This was a fun read.
A study published recently (August, 2012) in Nutrition Journal called “The effects of four hypocaloric diets containing different levels of sucrose or high fructose corn syrup on weight loss and related parameters” made some conclusions about sugar consumption and weight loss.
If you don’t know what “hypocaloric” means, it means “low-calorie.” The study took different groups of overweight-to-obese people and placed them on diets containing levels of sugar (sucrose) or HFCS (high fructose corn syrup) in levels of 10-20% of their total caloric intake, and ensured that all groups achieved a caloric deficit of about 300 calories per day. Every group, including the control group, was also put on an exercise program.
And what happened?
Short answer: everyone lost body fat.
I didn’t need to read the article to know that would happen. Come on. That’s just Personal Training 101: calories in vs. calories out–plus the bonus of thermogenetic exercise! Every trainer is taught to sell training on that concept. Burn more than you eat and you lose weight.
“What are you getting at?” you ask.
Well… this isn’t new research. It’s old. Super old. We didn’t need a controlled double-blind study to prove it. Trainers see it every day. Anyone who had ever deliberately lost weight by counting calories know this.
But if you dig deeper and look at the underlying biochemistry of sugar metabolism, it still isn’t news. No one explains it better than Dr. Robert H. Lustig. Sucrose and HFCS are almost identical in composition, and in how they behave in the body.
To be completely fair, HFCS got a very bad reputation for a while. People failed to see that it was pretty much the same as regular table sugar.
The scientists, in an effort to save the reputation of added sweeteners, state:
evidence regarding a potential positive association between sugar sweetened beverage consumption and obesity is inconsistent . Because of the metabolic nature of overweight and obesity and the complexity of the western diet, it is unlikely that a single food or food group is the primary cause. Randomized, clinical feeding trials have shown inconsistent results from testing the effects of added sugar on weight gain. Differences in study instruments and methods, population studied and study design may have contributed to these inconsistent findings.
In other words, science has a very tough time pinning down cause and effect in multi-variable situations. It can’t really. ”Causation” is exceedingly difficult to prove. But correlations are easy to demonstrate. Too easy, sometimes. This is why social context, politics, policy, money, corruption, public opinion, advertising, and everything else should always be factored into the decision-making process. Emotional intuitive (visceral) decisions shouldn’t be overlooked, either. Yes, these things get us into trouble, but so does science.
My favorite quote these days is “100% of all products recalled by the FDA were deemed ‘safe and effective’ by the FDA.” Science can be bullshit. ”Good science” is much rarer in our industry-led scientific data pool.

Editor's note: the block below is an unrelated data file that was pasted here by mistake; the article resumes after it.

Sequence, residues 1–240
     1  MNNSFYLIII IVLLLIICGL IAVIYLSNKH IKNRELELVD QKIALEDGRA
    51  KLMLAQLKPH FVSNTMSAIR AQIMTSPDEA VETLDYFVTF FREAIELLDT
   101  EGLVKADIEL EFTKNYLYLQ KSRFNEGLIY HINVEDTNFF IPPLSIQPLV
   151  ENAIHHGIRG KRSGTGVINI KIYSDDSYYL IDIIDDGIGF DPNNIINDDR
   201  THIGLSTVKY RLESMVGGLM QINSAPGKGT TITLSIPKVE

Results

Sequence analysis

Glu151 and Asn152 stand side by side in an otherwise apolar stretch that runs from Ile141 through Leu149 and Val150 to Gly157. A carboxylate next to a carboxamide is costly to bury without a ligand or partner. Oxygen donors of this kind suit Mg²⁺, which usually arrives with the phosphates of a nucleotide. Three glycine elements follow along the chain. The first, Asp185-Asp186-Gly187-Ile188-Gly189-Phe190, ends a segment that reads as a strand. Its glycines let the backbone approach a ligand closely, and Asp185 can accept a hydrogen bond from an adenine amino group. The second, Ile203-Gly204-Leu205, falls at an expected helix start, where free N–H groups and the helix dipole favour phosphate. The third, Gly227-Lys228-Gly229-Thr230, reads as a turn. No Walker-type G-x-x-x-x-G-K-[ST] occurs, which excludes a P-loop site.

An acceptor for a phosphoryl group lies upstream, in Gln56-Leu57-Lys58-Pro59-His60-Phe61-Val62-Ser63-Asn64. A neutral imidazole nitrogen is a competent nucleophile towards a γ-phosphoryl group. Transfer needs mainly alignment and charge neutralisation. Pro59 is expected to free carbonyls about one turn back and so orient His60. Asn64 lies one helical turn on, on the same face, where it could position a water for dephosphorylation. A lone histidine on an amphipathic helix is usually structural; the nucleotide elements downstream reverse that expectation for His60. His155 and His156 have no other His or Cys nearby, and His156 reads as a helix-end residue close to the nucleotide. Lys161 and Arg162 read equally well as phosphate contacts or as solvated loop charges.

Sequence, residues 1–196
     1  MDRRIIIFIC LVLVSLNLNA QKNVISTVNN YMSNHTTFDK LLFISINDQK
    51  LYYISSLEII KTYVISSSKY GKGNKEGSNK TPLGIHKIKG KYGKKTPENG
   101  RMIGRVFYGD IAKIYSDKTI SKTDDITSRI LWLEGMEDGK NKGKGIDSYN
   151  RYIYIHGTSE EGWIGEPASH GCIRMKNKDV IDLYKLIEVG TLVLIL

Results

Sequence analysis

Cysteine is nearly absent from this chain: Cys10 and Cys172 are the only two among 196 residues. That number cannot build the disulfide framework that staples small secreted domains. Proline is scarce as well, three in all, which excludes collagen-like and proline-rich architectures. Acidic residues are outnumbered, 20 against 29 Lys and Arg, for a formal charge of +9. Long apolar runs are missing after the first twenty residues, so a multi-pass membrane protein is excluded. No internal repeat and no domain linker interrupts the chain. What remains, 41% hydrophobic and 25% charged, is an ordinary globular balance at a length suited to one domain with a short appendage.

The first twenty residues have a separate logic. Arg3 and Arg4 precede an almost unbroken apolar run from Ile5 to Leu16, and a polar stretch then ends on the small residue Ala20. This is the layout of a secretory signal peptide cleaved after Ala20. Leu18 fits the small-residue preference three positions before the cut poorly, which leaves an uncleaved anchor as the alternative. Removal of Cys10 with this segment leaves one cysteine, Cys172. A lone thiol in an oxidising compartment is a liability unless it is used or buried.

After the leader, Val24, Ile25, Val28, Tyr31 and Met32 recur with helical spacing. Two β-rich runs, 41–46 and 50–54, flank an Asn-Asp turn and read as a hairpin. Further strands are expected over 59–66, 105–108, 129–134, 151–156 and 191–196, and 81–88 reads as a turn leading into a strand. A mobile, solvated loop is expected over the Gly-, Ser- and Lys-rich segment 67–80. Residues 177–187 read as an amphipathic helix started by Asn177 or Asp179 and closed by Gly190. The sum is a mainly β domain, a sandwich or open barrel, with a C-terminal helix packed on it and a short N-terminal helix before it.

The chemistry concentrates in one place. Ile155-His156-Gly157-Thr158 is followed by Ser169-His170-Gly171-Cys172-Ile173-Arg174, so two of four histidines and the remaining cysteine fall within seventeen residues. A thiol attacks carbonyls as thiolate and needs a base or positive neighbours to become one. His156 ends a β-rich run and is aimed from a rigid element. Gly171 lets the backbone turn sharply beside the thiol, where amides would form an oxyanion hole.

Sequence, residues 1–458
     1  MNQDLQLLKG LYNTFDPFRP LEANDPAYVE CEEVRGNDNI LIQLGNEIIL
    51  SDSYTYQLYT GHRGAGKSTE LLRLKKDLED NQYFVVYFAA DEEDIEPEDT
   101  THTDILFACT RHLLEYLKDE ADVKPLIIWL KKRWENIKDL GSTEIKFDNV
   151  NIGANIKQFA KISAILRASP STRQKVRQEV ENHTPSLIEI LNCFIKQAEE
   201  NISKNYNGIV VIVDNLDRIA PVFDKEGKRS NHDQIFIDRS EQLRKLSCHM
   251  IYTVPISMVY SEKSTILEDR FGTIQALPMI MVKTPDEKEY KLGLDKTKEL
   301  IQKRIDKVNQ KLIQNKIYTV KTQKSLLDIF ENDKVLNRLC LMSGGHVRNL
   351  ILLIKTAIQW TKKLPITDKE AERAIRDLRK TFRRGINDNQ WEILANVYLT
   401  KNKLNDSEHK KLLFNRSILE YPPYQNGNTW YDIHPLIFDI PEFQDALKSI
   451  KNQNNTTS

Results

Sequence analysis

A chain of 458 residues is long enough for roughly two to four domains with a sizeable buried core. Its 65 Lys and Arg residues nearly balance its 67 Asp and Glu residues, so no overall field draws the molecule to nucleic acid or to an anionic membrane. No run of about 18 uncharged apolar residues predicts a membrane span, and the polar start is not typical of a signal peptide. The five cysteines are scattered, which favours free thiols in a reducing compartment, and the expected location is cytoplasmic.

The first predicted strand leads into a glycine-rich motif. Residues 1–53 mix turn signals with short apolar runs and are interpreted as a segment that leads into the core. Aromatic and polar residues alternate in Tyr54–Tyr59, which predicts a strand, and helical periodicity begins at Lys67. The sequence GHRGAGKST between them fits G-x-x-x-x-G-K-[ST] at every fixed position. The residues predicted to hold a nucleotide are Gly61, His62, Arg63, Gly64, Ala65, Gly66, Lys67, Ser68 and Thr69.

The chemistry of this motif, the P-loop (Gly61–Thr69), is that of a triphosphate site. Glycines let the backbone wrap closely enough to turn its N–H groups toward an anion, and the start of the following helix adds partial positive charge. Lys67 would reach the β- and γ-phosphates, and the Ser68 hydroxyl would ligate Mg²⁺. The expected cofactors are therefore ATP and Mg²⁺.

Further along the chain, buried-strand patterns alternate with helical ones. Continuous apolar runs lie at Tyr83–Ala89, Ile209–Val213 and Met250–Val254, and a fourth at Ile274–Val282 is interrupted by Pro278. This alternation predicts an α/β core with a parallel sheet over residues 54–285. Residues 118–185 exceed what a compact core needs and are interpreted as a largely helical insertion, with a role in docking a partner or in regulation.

I have absolutely no argument with what the study concluded:
“In conclusion, similar decreases in weight and indices of adiposity are observed when overweight or obese individuals are subjected to hypocaloric diets with different prescribed levels of sucrose or high fructose corn syrup.” < (AND EXERCISE, you jerks! You left that out!)
At the bottom, I looked for conflicts of interest. Here’s what it said: “JM Rippe has received research funding from the Corn Refiners Association for the present study. The other study authors reported no competing interests.”
Ok… one guy. Big deal. And there were how many scientists?
Here they are:
Joshua Lowndes (firstname.lastname@example.org})
Diana Kawiecki (Dkawiecki@rippelifestyle.com})
Sabrina Pardo (Spardo@rippelifestyle.com})
Von Nguyen (Vnguyen@rippelifestyle.com})
Kathleen J Melanson (email@example.com})
Zhiping Yu (Zyu@rippelifestyle.com})
James M Rippe (Jrippe@rippelifestyle.com})
Wow! They all WORK FOR Mr. James M. Rippe! No conflict of interest, you say? That’s sweet.
The CORN REFINERS ASSOCIATION paid Mr. Rippe and his associates (or employees) to design a study that teaches us nothing new at all, to make HFCS look less hazardous than it is. I had such a giggle over this I thought I’d point it out to my readers.
HFCS and Sugar consumption at levels of 10-20% of a low-calorie (plus exercise) diet don’t inhibit weight loss when efforts are well-structured and executed. The introduction of HFCS didn’t make us fat, they’d like us to think. Well let me say this: the correlations are staggering.
Correlations are neat little things that help us make general decisions. Correlations should be taken with other correlations and perhaps a dose of intuition. This ads up to lifestyle change.
So keep in mind that the Corn Refiner’s Association is a lobbying group whose sole purpose is to make the public and politicians feel all warm and fuzzy about corn.
Corn. King corn. The CORNerstone of farm policy. The crop that receives the most subsidies (i.e. ‘welfare’). The crop around which our backward policies have enabled the competitive wipe-out of other corn producers. The crop around which so much GMO attention and research is hinging. The crop that is quite impossibly being directed towards “sustainable energy.”
Good old corn, you complicated SOB. I’m so glad these scientists devoted their valuable skills to the promotion of bastardized food production and processing.